"Hemorrhagic Gastroenteritis can cause serious health complications, even death. Make sure you know the symptoms—your dog's life may depend on it." TWEET THIS

Which Dog Breeds Are More Likely to Develop HGE?

HGE can affect dogs of any size, breed, age, or gender. Unfortunately, the disease usually impacts small-sized and toy breeds dogs with a median age of 5 years old.

Typical breeds affected by HGE include:

  • Miniature Schnauzers
  • Miniature Poodles
  • Maltese
  • Yorkshire Terriers
  • Miniature Poodles
  • Dachshunds
  • Mixed Breed Dogs

The condition can cause severe dehydration in smaller dogs. Bring your pet to South Boston Animal Hospital immediately if you suspect they have HGE.

Diagnosing Hemorrhagic Gastroenteritis in Canines

A South Boston Animal Hospital veterinarian will use blood tests and screenings to rule other causes of gastroenteritis. If the vet cannot find the cause for your pet's gastroenteritis, he or she will provide a clinical diagnosis of HGE.

We'll use several tests to diagnose HGE in your pet. They include:

  • Biochemistry Panel:  We will check your pet's electrolyte and protein levels. We'll also test your dog's liver functions.
  • Complete Blood Count: This test will measure your pet's platelet levels. We'll also test their red and white blood cell count.
  • Fecal Evaluation: We will rule out any parasitic and bacterial infections.
  • Urinalysis: We'll check your dog's kidney function.
  • X-Rays: A veterinarian will check for obstructions inside your pet's intestinal tract.
  • Coagulation and Clotting Tests: These screenings will rule out common blood disorders that can kill.
  • Ultrasound or Endoscopic Examination of GI Tract: The tests will identify any GI tract abnormalities. 

Standard Treatments for Hemorrhagic Gastroenteritis

Dogs who develop HGE can become seriously ill within hours.  Untreated canines can die, so don't hesitate to bring your dog in. The prognosis is good once pets receive medical treatment.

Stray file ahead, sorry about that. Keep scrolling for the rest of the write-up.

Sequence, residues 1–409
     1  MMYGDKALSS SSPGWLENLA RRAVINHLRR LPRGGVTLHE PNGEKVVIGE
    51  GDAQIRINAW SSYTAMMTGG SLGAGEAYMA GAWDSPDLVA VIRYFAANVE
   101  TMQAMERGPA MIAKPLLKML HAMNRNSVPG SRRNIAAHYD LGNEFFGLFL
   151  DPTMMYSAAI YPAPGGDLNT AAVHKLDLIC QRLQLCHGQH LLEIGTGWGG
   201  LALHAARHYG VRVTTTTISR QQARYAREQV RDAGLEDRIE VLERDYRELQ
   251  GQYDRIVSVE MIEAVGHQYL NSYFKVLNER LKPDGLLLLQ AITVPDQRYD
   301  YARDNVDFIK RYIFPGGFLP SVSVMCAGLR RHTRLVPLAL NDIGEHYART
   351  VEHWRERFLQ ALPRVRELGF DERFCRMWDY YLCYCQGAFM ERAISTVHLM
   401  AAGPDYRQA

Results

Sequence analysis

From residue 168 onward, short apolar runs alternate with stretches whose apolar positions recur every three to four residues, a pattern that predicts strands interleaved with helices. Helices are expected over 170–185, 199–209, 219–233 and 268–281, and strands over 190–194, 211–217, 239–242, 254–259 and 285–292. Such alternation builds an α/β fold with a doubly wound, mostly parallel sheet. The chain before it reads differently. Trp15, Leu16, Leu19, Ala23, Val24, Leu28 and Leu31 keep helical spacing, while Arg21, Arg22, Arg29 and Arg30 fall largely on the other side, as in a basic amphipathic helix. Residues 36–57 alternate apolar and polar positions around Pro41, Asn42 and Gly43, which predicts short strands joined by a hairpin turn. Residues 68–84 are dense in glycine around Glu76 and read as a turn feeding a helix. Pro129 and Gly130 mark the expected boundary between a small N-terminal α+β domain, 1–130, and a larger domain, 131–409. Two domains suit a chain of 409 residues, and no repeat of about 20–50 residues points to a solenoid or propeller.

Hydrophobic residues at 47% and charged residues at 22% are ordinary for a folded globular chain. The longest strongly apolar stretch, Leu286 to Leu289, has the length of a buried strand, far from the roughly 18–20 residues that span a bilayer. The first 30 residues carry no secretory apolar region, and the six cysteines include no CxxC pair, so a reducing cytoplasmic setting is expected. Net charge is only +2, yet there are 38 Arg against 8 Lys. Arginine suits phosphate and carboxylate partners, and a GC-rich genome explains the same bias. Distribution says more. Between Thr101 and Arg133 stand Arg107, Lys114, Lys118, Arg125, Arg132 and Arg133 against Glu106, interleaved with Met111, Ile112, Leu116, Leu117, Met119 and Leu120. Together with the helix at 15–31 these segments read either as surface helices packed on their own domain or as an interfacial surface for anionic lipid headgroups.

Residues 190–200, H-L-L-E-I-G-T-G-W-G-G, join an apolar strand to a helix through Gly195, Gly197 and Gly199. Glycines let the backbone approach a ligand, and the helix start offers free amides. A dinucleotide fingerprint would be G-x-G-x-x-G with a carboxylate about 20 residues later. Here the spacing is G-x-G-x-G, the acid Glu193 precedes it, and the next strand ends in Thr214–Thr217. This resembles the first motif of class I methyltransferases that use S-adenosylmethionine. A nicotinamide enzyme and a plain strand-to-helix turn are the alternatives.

HGE causes dehydration in canines. Veterinarians use aggressive fluid therapy as a primary treatment. Subcutaneous fluids don't provide enough fluids to rehydrate pets. Our professionals will hydrate your pet using intravenous fluids and electrolytes.

Dehydration can cause an elevated blood cell count in dogs. The condition can cause a potentially fatal clotting disorder called disseminated intravascular coagulation (DIC).

Other HGE-related complications include:

  • Marked Hypoproteinemia
  • Sepsis
  • Hypovolemic Shock
  • Sudden Death

Your dog may receive medications to prevent vomiting and protect their gastrointestinal tract. Pets with HGE won't receive food for 24 hours to heal their digestive tract.

Additionally, we will treat secondary infections with antibiotic treatments (enrofloxacin, ampicillin, or metronidazole).  Patients may receive plasma and colloid transfusions to treat low blood protein levels.

What To Do if You Suspect Your Dog has HGE

Hemorrhagic gastroenteritis is an illness that can cause serious health complications. If you suspect your dog has HGE, bring them to South Boston Animal Hospital immediately. Contact us to schedule an appointment.